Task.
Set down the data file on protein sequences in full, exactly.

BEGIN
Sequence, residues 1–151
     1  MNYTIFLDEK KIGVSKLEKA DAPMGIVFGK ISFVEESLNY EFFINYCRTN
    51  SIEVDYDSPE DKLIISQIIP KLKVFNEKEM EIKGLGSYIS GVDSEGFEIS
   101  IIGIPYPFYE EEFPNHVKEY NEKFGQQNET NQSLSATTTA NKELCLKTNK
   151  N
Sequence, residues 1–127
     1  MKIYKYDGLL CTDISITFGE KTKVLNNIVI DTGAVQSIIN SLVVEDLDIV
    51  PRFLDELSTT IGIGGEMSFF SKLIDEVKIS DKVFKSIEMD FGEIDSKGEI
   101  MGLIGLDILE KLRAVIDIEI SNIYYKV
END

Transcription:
Sequence, residues 1–151
     1  MNYTIFLDEK KIGVSKLEKA DAPMGIVFGK ISFVEESLNY EFFINYCRTN
    51  SIEVDYDSPE DKLIISQIIP KLKVFNEKEM EIKGLGSYIS GVDSEGFEIS
   101  IIGIPYPFYE EEFPNHVKEY NEKFGQQNET NQSLSATTTA NKELCLKTNK
   151  N
Sequence, residues 1–127
     1  MKIYKYDGLL CTDISITFGE KTKVLNNIVI DTGAVQSIIN SLVVEDLDIV
    51  PRFLDELSTT IGIGGEMSFF SKLIDEVKIS DKVFKSIEMD FGEIDSKGEI
   101  MGLIGLDILE KLRAVIDIEI SNIYYKV